facebook
twitter
search
search

Russia to join humanitarian relief effort in Ukraine

Ukrainian President Petro Poroshenko confirmed Monday that Russia will be part of an international humanitarian relief effort in eastern Ukraine that will be led by the International Committee of the Red Cross.
By JC Finley Follow @JC_Finley Contact the Author   |   Aug. 11, 2014 at 4:07 PM
| License Photo

KIEV, Ukraine, Aug. 11 (UPI) -- Ukrainian President Petro Poroshenko acknowledged Monday that Russia will be part of an international humanitarian mission to embattled eastern Ukraine.

The International Committee of the Red Cross will oversee the collective relief effort that also involves Germany, the U.S. and the European Union.

Ukraine's decision to involve Russia appears to be an attempt to rein in a proposal made a week earlier by Russia to deploy a convoy of Russian peacekeepers into eastern Ukraine.

At a U.N. Security Council meeting on August 5, Oleksandr Pavlichenko, Ukraine's ambassador, urged Russia instead "to stop sending mercenaries and weapons, to establish effective control over its part of border to prevent the infiltration of armed groups, and to stop provoking unrest," noting that "The sooner those steps were taken, the sooner the situation would stabilize."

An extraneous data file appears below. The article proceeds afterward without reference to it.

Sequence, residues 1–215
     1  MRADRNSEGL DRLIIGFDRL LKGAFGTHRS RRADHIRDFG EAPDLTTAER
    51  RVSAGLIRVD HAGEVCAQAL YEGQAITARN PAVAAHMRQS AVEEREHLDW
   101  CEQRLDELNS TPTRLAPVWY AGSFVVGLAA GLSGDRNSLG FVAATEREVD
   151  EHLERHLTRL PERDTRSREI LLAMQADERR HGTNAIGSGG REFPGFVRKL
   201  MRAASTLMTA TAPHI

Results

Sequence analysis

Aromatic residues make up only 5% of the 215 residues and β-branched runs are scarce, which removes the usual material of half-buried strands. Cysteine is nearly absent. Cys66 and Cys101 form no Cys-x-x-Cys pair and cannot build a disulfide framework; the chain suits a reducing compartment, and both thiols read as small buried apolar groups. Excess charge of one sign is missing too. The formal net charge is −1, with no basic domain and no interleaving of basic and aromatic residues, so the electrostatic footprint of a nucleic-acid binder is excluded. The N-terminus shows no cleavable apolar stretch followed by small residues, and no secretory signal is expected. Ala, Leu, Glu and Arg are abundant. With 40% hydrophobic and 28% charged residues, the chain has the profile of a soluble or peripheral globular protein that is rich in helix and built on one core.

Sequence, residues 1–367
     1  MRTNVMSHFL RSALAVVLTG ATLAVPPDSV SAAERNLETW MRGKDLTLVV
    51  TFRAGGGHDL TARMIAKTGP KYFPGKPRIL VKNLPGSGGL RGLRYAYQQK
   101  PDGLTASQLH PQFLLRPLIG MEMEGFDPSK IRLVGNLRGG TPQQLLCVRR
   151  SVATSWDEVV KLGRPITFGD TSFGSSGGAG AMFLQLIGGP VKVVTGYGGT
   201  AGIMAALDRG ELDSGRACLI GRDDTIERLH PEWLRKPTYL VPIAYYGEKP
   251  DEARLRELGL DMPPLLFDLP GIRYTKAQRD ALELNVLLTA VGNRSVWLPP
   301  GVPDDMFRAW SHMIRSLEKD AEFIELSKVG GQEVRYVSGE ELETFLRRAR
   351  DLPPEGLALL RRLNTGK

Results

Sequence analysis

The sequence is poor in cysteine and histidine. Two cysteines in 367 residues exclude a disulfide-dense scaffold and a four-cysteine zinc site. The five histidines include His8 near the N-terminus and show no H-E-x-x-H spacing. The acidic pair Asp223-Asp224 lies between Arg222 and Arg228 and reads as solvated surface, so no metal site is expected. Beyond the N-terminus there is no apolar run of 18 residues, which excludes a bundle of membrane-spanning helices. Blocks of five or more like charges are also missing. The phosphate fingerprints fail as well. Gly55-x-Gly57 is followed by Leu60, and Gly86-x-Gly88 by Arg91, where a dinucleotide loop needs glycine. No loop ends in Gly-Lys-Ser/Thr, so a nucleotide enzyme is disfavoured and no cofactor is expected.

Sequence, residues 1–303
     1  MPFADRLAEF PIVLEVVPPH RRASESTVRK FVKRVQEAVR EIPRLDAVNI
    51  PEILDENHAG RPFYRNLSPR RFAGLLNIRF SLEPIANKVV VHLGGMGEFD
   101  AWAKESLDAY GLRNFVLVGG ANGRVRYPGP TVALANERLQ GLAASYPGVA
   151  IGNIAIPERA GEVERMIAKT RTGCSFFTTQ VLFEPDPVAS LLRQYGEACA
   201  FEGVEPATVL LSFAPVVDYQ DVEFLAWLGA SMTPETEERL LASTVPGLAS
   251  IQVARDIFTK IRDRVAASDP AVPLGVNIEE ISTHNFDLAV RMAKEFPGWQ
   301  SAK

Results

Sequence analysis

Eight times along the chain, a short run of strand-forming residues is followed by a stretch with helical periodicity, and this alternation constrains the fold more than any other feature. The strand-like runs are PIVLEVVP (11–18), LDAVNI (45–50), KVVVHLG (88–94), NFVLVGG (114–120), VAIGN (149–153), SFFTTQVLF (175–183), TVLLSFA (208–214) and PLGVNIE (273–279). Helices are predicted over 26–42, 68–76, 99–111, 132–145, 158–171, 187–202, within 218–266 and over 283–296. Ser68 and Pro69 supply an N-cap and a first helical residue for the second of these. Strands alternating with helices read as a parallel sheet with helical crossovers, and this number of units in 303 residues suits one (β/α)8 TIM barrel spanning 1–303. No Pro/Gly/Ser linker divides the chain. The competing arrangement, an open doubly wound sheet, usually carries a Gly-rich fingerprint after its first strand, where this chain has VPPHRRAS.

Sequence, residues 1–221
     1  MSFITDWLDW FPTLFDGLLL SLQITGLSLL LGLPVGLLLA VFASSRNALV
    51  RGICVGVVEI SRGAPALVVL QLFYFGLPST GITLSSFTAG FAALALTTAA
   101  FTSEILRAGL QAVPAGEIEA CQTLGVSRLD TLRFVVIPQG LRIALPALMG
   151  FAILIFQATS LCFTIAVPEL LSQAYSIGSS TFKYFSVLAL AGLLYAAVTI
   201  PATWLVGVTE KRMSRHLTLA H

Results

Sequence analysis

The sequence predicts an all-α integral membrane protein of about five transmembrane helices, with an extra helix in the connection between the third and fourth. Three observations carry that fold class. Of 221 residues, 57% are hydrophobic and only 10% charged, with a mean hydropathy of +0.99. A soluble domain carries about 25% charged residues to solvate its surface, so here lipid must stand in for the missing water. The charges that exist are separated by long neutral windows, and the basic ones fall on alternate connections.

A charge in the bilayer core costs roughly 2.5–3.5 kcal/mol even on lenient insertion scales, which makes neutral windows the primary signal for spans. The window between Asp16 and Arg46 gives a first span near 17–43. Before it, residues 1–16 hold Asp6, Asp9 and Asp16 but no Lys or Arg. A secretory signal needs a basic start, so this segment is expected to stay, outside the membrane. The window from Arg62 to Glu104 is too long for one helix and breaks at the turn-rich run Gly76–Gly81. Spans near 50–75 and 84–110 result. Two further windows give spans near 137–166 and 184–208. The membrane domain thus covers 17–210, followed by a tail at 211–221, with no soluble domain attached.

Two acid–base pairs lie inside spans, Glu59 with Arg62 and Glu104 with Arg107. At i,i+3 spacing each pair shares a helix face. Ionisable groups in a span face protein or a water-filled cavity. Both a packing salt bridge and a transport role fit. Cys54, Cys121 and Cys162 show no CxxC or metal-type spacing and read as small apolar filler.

Similarly, NATO had voiced concern that a Russian-led humanitarian mission could be used as "an excuse to send troops into eastern Ukraine," further destabilizing the country.

During a phone call Monday between Poroshenko and U.S. President Barack Obama, the two discussed the ICRC-led plans to deliver aid to eastern Ukraine, agreeing that any unilateral action by Russia to intervene without the Ukrainian government's authorization "would be unacceptable and a violation of international law."

Like Us on Facebook for more stories from UPI.com  
Related UPI Stories
Latest Headlines
Top Stories
North Korea blasts arrival of U.S. submarine in South Korean port
Putin reassures PM Alexis Tsipras after 'no' referendum vote in Greece
South Korea rescues 5 North Korean sailors
F-16, Cessna planes collide midair in South Carolina, killing two
U.S. lottery lowers portion of cash allocated to jackpot prize